6 lessons on House national security votes (actual votes are listed below):
1. Congress is willing to take modest steps to cut military spending after the overwhelming passage of the Mulvaney-Frank amendment reducing the bill by $1.1 billion. An incredible 89 Republicans supported the amendment.
2. Who sponsors a House amendment is critically important. Bi-partisanship is much more likely to produce a successful vote; even better if the amendment is offered by a Republican.
a. Example 1: Mulvaney (R-SC)-Frank (D-MA) wins 247-167; a Lee (D-CA)- Frank (D-MA) on the Defense Authorization Bill, albeit for a larger cut, loses 170-252.
b. Example 2: A McCollum (D-MN) amendment cutting military bands loses 166-250; a Kingston (R-GA) amendment cutting NASCAR sponsorship failed by a much narrower 202-216.
c. Barney Frank, on MSNBC said: “In the current climate it’s easier for me to get my people to vote with Mick [Mulvaney] than for Mick to get his people to vote with me.”
3. It also helps to have speakers from both parties making the case to demonstrate wider support for the amendment rather than the amendment’s author alone; Mulvaney, Frank and Kucinich all spoke on behalf of the Mulvaney-Frank amendment.
4. The House is not willing to cut funding for the troops in Afghanistan. That is a bridge too far. However, the House appeared ready, when considering the Defense Authorization Bill, to endorse an end to U.S. combat operations in Afghanistan in line with the President’s schedule (McGovern (D-MA)-Jones (R-NC)-Smith (D-WA)-Paul (R-TX), but the GOP leadership, fearing the amendment could pass, refused to permit the amendment to be offered.
5. But the House will vote to cut funding for the Afghanistan Security Forces Fund, the Afghanistan Infrastructure fund and aid to Pakistan. These three successful votes are strong indications that once the American troops are home, there will be little appetite for aid to Afghanistan or Pakistan notwithstanding any Hillary Clinton international pledges.
6. The House is deeply in the tank for nuclear weapons, the more the better. The House adopted several amendments to block further nuclear weapons reduction on Defense Appropriations and Defense Authorization.
On July 19, the House approved the bill by a vote of 326-90. .
Some Key amendments considered:
LEVEL OF MILITARY SPENDING:
Mulvaney (R-SC) and Frank (D-MA) bi-partisan amendment #1: to cut the overall level of the bill by $1.1 billion, back to last year’s level. Amendment adopted 247-167, July 19, 2012. (A Lee (D-CA)-Frank (D-MA) amendment to the FY 2013 Defense Authorization Bill to cut $8.2 billion failed 170-252)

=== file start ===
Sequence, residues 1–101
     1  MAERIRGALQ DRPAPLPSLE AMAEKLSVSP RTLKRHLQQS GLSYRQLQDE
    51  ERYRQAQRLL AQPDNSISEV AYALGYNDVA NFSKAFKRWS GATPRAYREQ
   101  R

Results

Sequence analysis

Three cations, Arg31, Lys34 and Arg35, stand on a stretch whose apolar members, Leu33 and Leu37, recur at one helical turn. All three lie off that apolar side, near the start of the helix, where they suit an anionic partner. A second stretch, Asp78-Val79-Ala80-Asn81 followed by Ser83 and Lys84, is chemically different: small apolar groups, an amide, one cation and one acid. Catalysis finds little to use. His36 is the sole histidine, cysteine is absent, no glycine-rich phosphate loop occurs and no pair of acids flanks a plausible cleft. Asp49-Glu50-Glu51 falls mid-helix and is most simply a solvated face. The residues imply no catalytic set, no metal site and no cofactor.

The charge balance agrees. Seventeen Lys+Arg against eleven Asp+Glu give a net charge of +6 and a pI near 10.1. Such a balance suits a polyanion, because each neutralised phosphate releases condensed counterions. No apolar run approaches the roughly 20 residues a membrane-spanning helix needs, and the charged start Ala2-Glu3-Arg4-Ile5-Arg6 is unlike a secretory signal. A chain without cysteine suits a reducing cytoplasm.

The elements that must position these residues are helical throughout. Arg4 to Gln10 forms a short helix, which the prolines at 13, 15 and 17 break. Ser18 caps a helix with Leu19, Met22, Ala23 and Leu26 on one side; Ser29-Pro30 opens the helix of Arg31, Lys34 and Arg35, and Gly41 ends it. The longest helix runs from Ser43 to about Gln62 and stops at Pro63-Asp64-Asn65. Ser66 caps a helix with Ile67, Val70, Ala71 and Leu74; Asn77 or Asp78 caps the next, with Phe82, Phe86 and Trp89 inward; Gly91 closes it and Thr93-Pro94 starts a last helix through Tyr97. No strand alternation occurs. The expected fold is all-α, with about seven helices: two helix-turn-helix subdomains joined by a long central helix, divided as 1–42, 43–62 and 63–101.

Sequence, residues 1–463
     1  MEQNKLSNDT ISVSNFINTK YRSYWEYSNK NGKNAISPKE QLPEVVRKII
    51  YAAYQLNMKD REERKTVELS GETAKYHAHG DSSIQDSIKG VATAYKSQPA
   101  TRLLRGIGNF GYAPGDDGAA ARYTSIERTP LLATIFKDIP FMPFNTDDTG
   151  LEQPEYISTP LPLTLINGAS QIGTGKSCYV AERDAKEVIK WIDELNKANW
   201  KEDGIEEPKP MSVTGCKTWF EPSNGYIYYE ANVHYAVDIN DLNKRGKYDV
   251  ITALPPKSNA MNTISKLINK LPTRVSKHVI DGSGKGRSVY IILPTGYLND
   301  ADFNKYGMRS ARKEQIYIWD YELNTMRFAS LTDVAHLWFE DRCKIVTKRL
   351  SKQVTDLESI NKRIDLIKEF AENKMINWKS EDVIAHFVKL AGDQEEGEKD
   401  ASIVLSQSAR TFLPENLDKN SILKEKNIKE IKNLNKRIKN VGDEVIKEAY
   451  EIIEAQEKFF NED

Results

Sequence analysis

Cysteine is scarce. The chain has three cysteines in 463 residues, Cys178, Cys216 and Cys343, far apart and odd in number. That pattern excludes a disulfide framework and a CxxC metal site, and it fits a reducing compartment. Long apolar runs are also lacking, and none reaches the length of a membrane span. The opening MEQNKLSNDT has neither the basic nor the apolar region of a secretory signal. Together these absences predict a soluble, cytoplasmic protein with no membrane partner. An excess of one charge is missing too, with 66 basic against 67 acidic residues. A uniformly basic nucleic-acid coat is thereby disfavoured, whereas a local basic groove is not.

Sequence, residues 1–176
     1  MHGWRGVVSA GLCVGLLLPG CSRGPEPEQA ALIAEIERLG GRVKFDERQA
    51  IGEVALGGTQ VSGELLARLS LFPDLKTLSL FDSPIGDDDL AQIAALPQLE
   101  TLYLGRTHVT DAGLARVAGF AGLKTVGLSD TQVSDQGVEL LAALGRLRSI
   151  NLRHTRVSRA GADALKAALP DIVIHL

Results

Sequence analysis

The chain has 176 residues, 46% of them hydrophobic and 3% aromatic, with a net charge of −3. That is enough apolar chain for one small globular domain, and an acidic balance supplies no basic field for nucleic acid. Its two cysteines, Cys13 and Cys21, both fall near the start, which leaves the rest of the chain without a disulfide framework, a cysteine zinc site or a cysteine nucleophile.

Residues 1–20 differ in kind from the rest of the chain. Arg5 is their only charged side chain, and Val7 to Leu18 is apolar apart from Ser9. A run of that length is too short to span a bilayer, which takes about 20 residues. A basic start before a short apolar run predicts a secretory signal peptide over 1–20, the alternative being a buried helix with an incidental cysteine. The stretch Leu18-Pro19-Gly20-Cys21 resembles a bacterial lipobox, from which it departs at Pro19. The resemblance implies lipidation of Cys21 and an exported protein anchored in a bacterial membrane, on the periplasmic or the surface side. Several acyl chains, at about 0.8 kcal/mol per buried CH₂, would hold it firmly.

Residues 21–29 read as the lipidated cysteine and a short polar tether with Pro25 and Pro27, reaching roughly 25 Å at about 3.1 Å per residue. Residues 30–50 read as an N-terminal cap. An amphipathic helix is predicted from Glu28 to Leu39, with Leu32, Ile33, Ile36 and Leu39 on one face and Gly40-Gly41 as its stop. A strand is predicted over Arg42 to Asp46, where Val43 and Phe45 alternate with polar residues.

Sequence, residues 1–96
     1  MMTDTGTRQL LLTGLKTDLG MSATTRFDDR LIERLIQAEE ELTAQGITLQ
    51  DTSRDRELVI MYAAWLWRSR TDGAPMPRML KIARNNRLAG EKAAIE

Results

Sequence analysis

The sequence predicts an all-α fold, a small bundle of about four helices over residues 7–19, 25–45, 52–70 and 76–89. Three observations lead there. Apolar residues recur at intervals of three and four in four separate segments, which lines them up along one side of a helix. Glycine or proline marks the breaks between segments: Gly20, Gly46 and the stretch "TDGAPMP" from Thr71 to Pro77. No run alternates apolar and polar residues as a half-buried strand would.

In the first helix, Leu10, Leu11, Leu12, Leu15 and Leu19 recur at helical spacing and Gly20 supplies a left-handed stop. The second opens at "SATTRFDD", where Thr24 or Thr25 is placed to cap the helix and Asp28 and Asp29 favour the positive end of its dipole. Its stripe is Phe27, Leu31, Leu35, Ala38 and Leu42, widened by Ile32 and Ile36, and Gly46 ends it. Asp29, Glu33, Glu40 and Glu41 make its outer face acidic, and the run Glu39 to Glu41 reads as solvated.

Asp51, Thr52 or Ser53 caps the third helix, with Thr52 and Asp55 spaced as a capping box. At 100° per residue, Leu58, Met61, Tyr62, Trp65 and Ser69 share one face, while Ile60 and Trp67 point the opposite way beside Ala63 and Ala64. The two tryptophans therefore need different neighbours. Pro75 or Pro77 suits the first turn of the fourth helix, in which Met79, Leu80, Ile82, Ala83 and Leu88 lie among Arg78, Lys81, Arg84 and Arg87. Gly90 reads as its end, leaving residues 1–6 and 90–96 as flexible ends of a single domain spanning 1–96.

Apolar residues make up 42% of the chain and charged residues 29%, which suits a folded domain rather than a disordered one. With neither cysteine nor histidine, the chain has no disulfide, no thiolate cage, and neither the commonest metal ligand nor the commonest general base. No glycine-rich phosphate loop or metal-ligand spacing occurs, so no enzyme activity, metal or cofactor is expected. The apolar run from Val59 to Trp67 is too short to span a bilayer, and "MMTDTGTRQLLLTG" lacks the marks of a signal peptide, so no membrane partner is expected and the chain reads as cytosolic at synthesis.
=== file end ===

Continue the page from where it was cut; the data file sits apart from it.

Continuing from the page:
Lee (D-CA) amendment: to reduce the overall spending in the bill by $19.2 billion. Amendment rejected 87-326, July 19, 2012
Lee (D-CA) amendment, co-sponsored by Van Hollen (D-MD) and Smith (D-WA): to reduce the overall spending in the bill by $7.6 billion. Amendment rejected 171-243, July 19, 2012
Note: there were other amendments to cut the budget that failed.
Lee (D-CA) amendment #142: to cut $21 billion from war funding to end the U.S. involvement in the Afghanistan war safely and responsibly. The amendment would limit funding to bringing the troops home. Amendment rejected 107-312 , July 18, 2012. (A comparable Lee (D-CA), Jones (R-NC), Conyers (D-MI), Woolsey (D-CA), Welch (D-V FY 2013 Defense Authorization Bill failed 113-303)
Garamendi (D-CA) amendment: to cut $12.6 billion for the war accounts due to the “steady drawdown” of troops after the surge troops are withdraw in 2012. Amendment rejected 137-278, July 19, 2012.
Jones (R-NC) amendment: to reduce funding for the Afghanistan Security Forces Fund by $412,287,000. Agreed to by voice vote July 18, 2012.
Poe (R-TX) amendments: to eliminate the entire $1.3 billion in aid to Pakistan under the coalition support fund program. Amendment withdrawn, but a second amendment to cut the account by $650 million was agreed to by voice vote, July 18, 2012.
Cohen (D-TN) amendment: to reduce the Afghanistan Infrastructure fund by $175 million. Amendment adopted 228-191, July 18, 2012.
Cicilline (D-RI amendment: to strike the $375 million in funding for the Afghanistan Infrastructure Fund. Amendment rejected 149-270, July 18, 2012.